It was fun to see the Japanese and Cuban players... the names were great. My parents chose "Tom" when "Yoandy" was still on the table?? What's up with that? (remind me to talk to Mom about this one)

So yeah, Bud Selig was right to try to make this happen. He was right about the Wild Card, and he's right about this one. There's plenty of other things he whiffed on (steroids), but you can't ignore the good things, especially when they are as significant as this.

Of course now that the WBC is over, we have to get back to our regularly scheduled programming, Spring training. A bit of a bore in comparison... but the Borchard thing as least brings some interest.

As far as the M's are concerned, what's left to decide? We all knew the starting rotation since Christmas. The bullpen is largely set. The only real interest seems to be 2nd base, but I'm 90% certain it will be Lopez.

For Bloggers the next two weeks are going to be time to really define our expectations for this team. Is .500 a realistic option? Can this team get out of the cellar of the AL West?

While we ponder these age old questions, congrats to Japan. You have the best team in baseball.

Monday, March 20, 2006

Thornton gone

My first thought when I saw the news the M's are getting Joe Borchard for Thornton was wow... what an amazing trade. The M's already have a strong bullpen, and Thornton is incredibly replaceable. The odds he becomes one of the top relievers in baseball is small, but the odds he costs the M's a game this year extremely high.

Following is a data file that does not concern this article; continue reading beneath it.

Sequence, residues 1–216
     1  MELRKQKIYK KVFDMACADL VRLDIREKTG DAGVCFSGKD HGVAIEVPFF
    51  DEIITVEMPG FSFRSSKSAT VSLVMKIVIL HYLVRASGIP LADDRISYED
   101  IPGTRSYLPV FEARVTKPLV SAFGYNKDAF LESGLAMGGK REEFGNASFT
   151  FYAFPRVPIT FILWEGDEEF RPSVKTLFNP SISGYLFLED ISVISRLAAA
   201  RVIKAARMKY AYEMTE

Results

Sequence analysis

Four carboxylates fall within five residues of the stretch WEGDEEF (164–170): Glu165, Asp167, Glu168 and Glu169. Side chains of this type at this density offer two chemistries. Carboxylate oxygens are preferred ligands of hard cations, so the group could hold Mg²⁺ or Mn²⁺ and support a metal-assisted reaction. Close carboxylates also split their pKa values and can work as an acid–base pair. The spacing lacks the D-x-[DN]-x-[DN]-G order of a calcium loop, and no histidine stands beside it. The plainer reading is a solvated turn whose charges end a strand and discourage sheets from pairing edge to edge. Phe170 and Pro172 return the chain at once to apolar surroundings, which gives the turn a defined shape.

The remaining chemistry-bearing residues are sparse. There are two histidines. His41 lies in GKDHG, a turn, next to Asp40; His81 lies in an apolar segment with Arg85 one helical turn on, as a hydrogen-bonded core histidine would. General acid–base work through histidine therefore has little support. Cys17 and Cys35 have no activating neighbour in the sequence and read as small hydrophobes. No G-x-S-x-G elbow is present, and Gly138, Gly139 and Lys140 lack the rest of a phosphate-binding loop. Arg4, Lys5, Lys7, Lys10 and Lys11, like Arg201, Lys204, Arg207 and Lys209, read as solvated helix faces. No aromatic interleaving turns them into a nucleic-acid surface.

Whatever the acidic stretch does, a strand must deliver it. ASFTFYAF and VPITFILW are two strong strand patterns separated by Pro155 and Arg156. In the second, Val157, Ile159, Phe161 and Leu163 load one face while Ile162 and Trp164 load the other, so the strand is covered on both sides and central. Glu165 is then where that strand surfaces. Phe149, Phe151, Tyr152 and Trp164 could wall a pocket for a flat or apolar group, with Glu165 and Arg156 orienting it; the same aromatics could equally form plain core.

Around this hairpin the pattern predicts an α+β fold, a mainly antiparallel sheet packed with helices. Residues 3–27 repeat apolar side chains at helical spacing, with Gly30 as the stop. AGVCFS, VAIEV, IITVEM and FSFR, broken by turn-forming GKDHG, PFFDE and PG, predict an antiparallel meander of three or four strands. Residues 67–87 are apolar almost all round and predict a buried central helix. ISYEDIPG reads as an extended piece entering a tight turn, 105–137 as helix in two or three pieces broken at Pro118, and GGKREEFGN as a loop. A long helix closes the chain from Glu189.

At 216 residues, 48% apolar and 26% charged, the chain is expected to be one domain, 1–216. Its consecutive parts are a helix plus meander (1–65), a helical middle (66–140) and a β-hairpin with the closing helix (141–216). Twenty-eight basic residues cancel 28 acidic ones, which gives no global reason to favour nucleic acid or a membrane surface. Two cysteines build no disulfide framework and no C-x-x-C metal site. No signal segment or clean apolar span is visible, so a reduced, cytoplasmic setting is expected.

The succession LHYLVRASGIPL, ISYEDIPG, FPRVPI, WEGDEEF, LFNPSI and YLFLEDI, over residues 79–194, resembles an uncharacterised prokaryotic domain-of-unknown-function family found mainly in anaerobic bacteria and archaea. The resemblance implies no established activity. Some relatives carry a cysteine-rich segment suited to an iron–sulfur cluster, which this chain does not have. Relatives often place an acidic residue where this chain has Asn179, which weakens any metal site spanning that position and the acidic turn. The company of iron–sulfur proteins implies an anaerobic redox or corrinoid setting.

Just getting rid of Thornton alone is a good move. Actually getting value back makes this that much better of a trade. But there's more to the trade than just Borchard.

The other way this makes the M's better is watching Hargrove find a place to play him. With Borchard out of options, he is almost certain to make the team, especially if he keeps hitting like he has all spring.

That means a change is coming. Either the M's actually have a useful bench, or they don't carry so many relievers. Almost no one thinks carrying a surplus of relievers is good for a baseball team. Guys sit around too long between starts, and it's hard to evaluate players when they don't play regularly.

If Borchard does make the team, this means a Dobbs or Morse gets pushed out, which again makes the team stronger.

To summarize, this move is good because:
1) We get rid of Thornton
2) We get a talented player in Borchard (who might actually be good someday)
3) We push Hargrove to use his bench
4) We put pressure on eliminating the # of relievers

Not a bad way to start the week.

Thursday, March 16, 2006

No surprise US isn't steamrolling opponents

There are VERY casual observers who might think any team other than the US winning the WBC would be considered an upset. After all, baseball was invented here and it is generally acknowledged the highest caliber of baseball in the world is played here.

But that is not what wins events like the WBC. Just as we have seen with basketball, throwing together a bunch of super stars and then watching them blow away opponents doesn't happen on the world stage. Players who wouldn't be backups on the worst team in the AL are able to rise to the occasion when national pride is involved.